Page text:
Insurance industry as a lever for sustainable transformation

This is where the insurance industry has a decisive role, because managing multi-billion-dollar investments provides the industry with an effective lever to drive the transition to a sustainable economy. The European insurance industry is Europe’s largest institutional investor, as highlighted by the Association of Insurance Companies “Insurance Europe” in its ‘European Insurance Key Facts 2020’. According to this report, the assets managed by European insurers amounted to almost 11 trillion euros in 2020.

In the same year, German insurance companies had invested a total just shy of 1.8 trillion euros on the capital markets. This corresponds to almost half of Germany’s gross domestic product of 3.4 trillion euros in 2020. According to the German Insurance Association GDV, German insurers invest new funds of around 300 billion euros each year. ‘Probably our strongest means of combating climate change and achieving further sustainability goals are investments in the insurance sector,’ said Wolfgang Weiler, president of the GDV, in March 2022.
A large proportion of the investments are made by German life insurers. At the end of 2021, life insurance (excluding pension funds) had investments amounting to around 1,032 billion euros as published in the GDV’s report on life insurance figures in June 2022.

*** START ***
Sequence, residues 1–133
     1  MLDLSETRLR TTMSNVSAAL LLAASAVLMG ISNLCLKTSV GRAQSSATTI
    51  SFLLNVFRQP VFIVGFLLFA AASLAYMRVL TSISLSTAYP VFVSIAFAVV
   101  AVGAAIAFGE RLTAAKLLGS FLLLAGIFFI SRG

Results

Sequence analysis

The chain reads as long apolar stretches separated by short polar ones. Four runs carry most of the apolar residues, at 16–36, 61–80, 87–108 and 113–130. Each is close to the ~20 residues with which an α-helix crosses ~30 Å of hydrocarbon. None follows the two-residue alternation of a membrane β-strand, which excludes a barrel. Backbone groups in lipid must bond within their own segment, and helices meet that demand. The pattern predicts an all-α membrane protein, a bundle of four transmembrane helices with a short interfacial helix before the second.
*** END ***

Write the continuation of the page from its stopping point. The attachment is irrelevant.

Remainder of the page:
What is a sustainable investment?

Yet, what is the true meaning of ‘sustainable’? How can green investments be defined and verified? To date, there has been a lack of common minimum standards for sustainable investments. In order to create transparency and to define common standards of comparison, the EU has developed several measures for a sustainable financial framework as part of the aforementioned Sustainable Finance Action Plan. The most important components are the Taxonomy for sustainable activities, the Sustainable Finance Disclosure Regulation (SFDR) and for brokers to consult on the sustainability of financial investments.

Standards for ecological management

The Taxonomy for sustainable activities is a classification system of economic activities that establishes a common definition of sustainability. It is also designed to address and combat greenwashing. The EU’s SFDR regulates sustainability-related disclosure obligations in the financial services sector. Furthermore, brokers will have to ask clients about their sustainability preferences. The EU also intends to develop standards and labels to help financial market participants develop sustainable investment solutions.

If you want to learn more about the EU’s Taxonomy, sustainability-related disclosure obligations and the current status of regulations, we recommend reading our next blog article titled ‘EU Taxonomy Regulation and the Sustainable Finance Disclosure Regulation: making green investments recognisable’.